While there is no research into the image of records managers, we have some knowledge of the image of other information fields. One study of the image of librarians, for example, surveyed 448 non-librarians. Those with a negative image of librarians saw the typical librarian as: “passive,” “apathetic,” “dull,” “boring,” “aloof,” and “obsessively tidy or methodical.” On the other hand, persons with a positive view of librarians saw the typical librarian as: “helpful,” “service-motivated,” “efficient,” “professional,” “knowledgeable,” “intelligent,” “cheerful,” and “polite.”(5) While we may talk about what we think–or fear–the image of the “typical” records manager to be, we lack credible evidence that individual members of the public know enough about the work of records managers to have formed an image, except one which is confused with records clerks. And we have no research-based studies to support any theories we may have about the public’s overall image of records managers or records management.


In contrast with “image,” status is the level of respect, esteem, or admiration that the public holds for a given field, normally over a long period of time. For example, the public, or larger society, holds physicians in higher regard than they do janitors or garbage collectors. We know, even intuitively, that used car salespeople have a low status. Ministers often have a higher status ranking than attorneys, and college professors often have more status than airline pilots. One can correctly conclude a from these two examples that status and compensation do not always go hand in hand. There are those studies which examine the status of fields on a comparative basis and offer reasonably solid evidence of comparative status.(6)

Why is status important; why do we crave it? Status is a measure of value assigned by society to most vocational fields. It is a recognition of a field’s contribution and value to the public welfare. An elevated status in society also means respect, deference to the authority of thos in the profession, a willingness to let that profession be self-policing and to keep out those they feel may not live up to the profession’s standards of both performance and ethics. An elevated status means that those in society recognize those in the field as having special skills and knowledge, typically beyond the understanding of the average person. Simply put, fields with a high level of status feel that they have earned society’s seal of approval for what they do and how they do it.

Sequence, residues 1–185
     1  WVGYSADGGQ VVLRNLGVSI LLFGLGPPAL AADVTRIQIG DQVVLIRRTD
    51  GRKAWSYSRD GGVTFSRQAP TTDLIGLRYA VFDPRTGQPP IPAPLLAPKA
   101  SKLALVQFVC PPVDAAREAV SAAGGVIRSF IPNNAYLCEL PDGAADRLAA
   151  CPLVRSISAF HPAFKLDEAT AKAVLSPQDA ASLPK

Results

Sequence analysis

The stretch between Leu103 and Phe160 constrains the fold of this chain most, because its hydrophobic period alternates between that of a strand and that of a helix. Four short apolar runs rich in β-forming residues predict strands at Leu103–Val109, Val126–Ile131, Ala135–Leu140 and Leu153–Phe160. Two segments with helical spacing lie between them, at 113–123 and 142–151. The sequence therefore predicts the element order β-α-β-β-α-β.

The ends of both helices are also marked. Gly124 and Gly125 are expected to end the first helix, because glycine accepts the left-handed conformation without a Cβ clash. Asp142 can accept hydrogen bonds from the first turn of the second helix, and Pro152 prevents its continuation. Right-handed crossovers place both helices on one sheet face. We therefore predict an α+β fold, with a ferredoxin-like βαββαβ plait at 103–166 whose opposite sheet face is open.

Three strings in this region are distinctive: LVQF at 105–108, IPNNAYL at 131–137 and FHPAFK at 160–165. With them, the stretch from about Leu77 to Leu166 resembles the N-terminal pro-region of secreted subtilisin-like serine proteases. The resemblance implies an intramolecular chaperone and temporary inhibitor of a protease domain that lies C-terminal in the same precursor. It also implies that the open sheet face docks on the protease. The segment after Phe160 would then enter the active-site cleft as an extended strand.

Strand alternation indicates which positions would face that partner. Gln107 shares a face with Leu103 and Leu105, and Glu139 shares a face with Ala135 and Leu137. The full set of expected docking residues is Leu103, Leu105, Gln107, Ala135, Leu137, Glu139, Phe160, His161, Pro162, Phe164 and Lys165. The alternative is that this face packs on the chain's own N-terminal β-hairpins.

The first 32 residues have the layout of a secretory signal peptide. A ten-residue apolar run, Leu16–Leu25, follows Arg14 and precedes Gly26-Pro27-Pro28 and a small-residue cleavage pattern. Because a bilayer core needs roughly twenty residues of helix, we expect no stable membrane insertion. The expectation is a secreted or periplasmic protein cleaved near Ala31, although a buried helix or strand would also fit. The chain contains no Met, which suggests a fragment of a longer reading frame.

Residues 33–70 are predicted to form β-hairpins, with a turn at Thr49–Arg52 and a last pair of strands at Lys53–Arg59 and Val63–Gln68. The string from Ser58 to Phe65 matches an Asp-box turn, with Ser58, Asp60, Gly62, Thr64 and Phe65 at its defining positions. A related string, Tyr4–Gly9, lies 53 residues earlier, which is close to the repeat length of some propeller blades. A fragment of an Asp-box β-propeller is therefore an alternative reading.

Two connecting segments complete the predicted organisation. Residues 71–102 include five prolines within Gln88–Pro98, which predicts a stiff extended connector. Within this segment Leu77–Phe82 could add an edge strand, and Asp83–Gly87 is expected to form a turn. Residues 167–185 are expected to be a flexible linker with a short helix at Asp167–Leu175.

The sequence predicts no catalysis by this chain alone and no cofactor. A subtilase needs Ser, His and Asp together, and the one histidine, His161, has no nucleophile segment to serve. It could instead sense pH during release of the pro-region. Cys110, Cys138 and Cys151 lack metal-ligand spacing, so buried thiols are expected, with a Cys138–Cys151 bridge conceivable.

Obviously, any field would want to achieve a high level of status in society. History suggests that “as competitors in market economies, occupational incumbents


sought to professionalize to improve their status…and


wanted to better their economic positions by securing occupational niches for their services.”(7) Such an interest in professionalization and status undeniably includes the records management field, whose practitioners are, understandably, concerned that the status of their field is lower than they want it to be or than they think it reasonably should be. Once upon a time, however, the status of what we could call “records managers” was very high. It might be very useful to examine that era in history and try to understand what happened to the status of work with records, how that status got “lost,” and, more importantly, how might it be regained.


Records management as a valued function not only has a history–and an ancient one at that–but it also had a status in society which, in the beginning, was quite lofty. Evidence of systems for the creation, maintenance, access, and use of records as critical management tools and resources in both public and private affairs is well over 7,000 years old. The evidence also suggests that those responsible for these systems were highly respected during much of that time. While Ernst Posner has correctly suggested that records practices in “the ancient world seem to have much in common with those of our own times,”(8) two important factors about the work have definitely changed: the media/technology of recordkeeping (mostly for the better) and the status (mostly for the worse) of those who work with records. Let us consider the nature of the work of early records managers, then their social status, some recent history, and, finally, the question of how status, once lost, might be regained.